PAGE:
Cognitive decline may be able to predict stroke ’10 years’ beforehand

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Characterised as life-threatening, stroke describes a medical emergency triggered by a cut-off blood supply to a part of your brain. While slurred speech or weakness in one arm are some of the key signs signalling that the emergency has struck, there’s one sign that could predict the event 10 years beforehand, according to research.

Although there’s no miracle manual that can tell you whether and when emergencies like stroke might target you, research suggests that actually one sign could point to a higher risk of a stroke happening.

Published in the Journal of Neurology Neurosurgery & Psychiatry, the research managed to identify a “tell-tale” sign that could predict a higher risk of stroke – cognitive decline.

What’s more, the study suggests it may ring alarm bells up to 10 years before the medical emergency even occurs.

Being recognised as an early sign of dementia, cognitive decline details worsening or more frequent confusion and memory loss, the Centers for Disease Control and Prevention explains.

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According to the research, stroke patients experienced much steeper cognitive decline as well as problems with routine daily functioning.

These brain problems would start around a decade before the participants suffered their first stroke.

The research team gained this data by looking at 14,712 people within a population-based Rotterdam Study.

They investigated the subjects’ ability to go about their daily lives, focusing on tasks like washing, eating and dressing.

However, the researchers also considered more advanced activities such as being able to manage finances.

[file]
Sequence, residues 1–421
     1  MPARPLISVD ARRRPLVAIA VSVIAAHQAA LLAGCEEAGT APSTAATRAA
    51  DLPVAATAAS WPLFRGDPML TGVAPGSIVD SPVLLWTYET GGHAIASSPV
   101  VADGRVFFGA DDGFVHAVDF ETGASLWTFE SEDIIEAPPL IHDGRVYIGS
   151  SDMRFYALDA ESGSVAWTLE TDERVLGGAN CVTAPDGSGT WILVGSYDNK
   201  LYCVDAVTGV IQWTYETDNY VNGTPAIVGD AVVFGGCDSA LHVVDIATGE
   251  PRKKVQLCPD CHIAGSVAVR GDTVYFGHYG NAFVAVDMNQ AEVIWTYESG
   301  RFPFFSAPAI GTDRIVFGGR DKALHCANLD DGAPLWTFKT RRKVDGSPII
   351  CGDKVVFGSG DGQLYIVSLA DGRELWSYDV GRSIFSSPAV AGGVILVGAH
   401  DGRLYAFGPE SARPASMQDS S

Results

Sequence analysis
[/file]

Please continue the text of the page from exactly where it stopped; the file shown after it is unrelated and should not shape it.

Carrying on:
The stroke incidence was assessed through monitoring the cohort’s medical records between 1990 all the way to 2018.

The researchers then plotted the changes in cognition and daily functioning in both sets of participants, to include the 10 years before and the 10 years after a stroke. 

This showed that those who had a stroke showed changes in cognition and daily functioning up to a decade before the life-threatening emergency.

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Furthermore, the researchers also suggest that women, who carry so-called APOE gene that is associated with Alzheimer’s disease, and those with fewer academic qualifications seem to be at the greatest risk.

These findings indicate that there might be tell-tale signs for those at a high risk of stroke many years beforehand.

“Our findings demonstrated that future stroke patients start to deviate from stroke-free controls up to 10 years before the acute event, suggesting that individuals with cognitive and functional decline are at a higher risk of stroke and are possible candidates for prevention trials,” the researchers penned.

However, this is merely an observational study that can’t establish a cause, prompting for more research looking at this link.

How to reduce your risk of stroke

From simple lifestyle tweaks to keeping conditions like high blood pressure in check, there’s plenty you can do to see your risk of a stroke fall.

The NHS shares that the most potent recipe includes a mix of a healthy diet, exercise, quitting smoking and cutting back on alcohol.

Apart from getting enough colourful healthy foods, you also need to limit the amount of salt you eat.

The health service advises eating no more than six grams of salt a day. Too much of the common seasoning can set off your blood pressure, consequently putting you at a higher risk of a stroke.

When it comes to exercise, you should aim for at least 150 minutes of moderate-intensity aerobic activity – think cycling or fast walking.

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